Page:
Furthermore, Philip Morris has a marketing strategy for penetrating emerging markets that separates it from other tobacco firms such as Altria (NYSE:MO) and Lorillard (NYSE:LO) that are currently poised more toward the domestic U.S. market. Altria owns the same brands as Philip Morris, but just focuses on the U.S. market while Philip Morris is international only. As a current shareholder of Altria, I have certainly noticed that earnings have continued to see increases, and this is likely due to the fact that the firm doesn't face the same currency headwinds as Philip Morris, as Altria sells all of its merchandise in the U.S. dollar. 

Lorillard, on the other hand, is dabbling in the electric cigarette business, which has begun to gain traction among smokers. Lorillard's Blu e-cigarette division is starting to show rampant growth domestically, capturing half of the U.S. market. The growing e-cig problem is a potential threat to traditional tobacco marketers, however I view the addictive nature of tobacco and its combination with strong consumer product loyalty helps combat this concern. Seeing that Philip Morris has such strong market share in the global tobacco market, it is actually seeing increases in unit volumes in some emerging markets such as Africa, Asia, and Latin America, as looser restrictions on tobacco along with increasing income allows for a better global outlook on Philip Morris's prospects. 

The Valuation is Cheap, But Let it Get Cheaper

Granted, the headwinds faced by Philip Morris may last some time, the firm's wide moat and distribution network is unmatched. Match this with management's strict discipline to continue creating shareholder value over long periods of time, and an investment in Philip Morris appears even more attractive. The company has historically been a free cash flow machine, and management has done an exceptional job reinvesting these cash flows back into the business not only through allocation toward penetrating emerging markets (Asia in particular), but also consistently buying back stock and paying a juicy dividend yield.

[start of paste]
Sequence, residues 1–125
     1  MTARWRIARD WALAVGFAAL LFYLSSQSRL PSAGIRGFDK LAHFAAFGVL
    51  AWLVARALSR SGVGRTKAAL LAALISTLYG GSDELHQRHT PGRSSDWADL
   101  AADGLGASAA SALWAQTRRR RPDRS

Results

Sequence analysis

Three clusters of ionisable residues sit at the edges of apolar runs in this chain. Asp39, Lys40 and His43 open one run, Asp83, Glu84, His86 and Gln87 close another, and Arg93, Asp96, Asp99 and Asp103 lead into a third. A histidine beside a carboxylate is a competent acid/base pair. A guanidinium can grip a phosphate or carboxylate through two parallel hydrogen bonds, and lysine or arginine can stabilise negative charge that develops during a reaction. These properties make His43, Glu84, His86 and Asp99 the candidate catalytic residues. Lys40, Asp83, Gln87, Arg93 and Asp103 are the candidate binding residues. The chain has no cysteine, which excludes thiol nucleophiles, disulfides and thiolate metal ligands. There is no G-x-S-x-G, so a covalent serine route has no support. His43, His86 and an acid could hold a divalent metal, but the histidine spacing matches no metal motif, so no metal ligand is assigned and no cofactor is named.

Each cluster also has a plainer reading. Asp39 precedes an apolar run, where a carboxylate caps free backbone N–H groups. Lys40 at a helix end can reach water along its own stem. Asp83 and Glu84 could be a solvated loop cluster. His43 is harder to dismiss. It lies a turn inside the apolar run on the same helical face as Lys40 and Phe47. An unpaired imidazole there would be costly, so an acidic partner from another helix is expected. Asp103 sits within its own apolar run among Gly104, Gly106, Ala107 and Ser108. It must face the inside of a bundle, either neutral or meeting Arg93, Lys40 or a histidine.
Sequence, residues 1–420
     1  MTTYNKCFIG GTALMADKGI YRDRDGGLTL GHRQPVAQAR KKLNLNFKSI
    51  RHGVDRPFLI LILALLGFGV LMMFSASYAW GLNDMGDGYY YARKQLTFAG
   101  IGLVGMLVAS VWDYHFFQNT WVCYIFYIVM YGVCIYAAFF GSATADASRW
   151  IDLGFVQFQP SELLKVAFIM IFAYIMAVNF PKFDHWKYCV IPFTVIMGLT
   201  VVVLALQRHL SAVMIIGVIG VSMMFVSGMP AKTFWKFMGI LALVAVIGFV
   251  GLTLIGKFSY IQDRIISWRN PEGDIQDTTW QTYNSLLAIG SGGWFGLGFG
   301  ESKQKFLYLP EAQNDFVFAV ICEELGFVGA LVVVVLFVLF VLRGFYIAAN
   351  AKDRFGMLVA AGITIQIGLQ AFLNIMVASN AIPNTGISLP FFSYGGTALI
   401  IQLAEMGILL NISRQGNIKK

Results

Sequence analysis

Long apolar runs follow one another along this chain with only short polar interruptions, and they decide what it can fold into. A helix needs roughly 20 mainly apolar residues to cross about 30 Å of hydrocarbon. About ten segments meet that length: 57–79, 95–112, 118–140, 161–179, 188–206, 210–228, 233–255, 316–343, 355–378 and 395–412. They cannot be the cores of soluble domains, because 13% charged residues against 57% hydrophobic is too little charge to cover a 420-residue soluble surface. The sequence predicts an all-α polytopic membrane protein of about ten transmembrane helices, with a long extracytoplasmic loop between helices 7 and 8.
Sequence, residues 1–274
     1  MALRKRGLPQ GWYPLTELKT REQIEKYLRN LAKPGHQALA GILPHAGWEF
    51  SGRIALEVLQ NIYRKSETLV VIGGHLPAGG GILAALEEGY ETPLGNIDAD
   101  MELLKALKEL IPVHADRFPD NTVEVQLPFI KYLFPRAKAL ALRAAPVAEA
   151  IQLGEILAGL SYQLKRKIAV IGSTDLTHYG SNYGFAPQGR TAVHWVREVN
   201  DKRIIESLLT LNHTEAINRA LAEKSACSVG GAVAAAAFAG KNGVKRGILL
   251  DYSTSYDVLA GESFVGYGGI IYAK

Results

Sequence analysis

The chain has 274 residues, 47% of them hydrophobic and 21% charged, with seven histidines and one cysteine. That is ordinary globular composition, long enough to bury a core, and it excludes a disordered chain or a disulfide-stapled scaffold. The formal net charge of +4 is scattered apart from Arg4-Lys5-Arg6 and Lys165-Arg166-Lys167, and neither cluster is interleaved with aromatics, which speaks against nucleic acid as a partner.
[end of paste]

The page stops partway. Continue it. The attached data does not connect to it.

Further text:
I would personally advocate investors to wait for a broader margin of safety. When a stock is being surrounded by pessimism, it can really be a great thing for the bargain-oriented investor, as any bit of negative news can be easily exacerbated by the market. If you focus on what the long term economic value of Philip Morris is instead of getting caught up in the near term slight inhibitors to growth opportunities, then you'll soon realize that Philip Morris is beginning to become a captivating investment opportunity even in this ebullient market.

Fool contributor Daniel Segundo owns shares of Altria Group. The Motley Fool owns shares of Philip Morris International. Try any of our Foolish newsletter services free for 30 days. We Fools may not all hold the same opinions, but we all believe that considering a diverse range of insights makes us better investors. The Motley Fool has a disclosure policy.

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Jun 12, 2015 at 5:01PM

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David Hanson owns shares of Berkshire Hathaway and American Express. The Motley Fool recommends and owns shares of Berkshire Hathaway, Google, and Coca-Cola.We Fools don't all hold the same opinions, but we all believe that considering a diverse range of insights makes us better investors. The Motley Fool has a disclosure policy.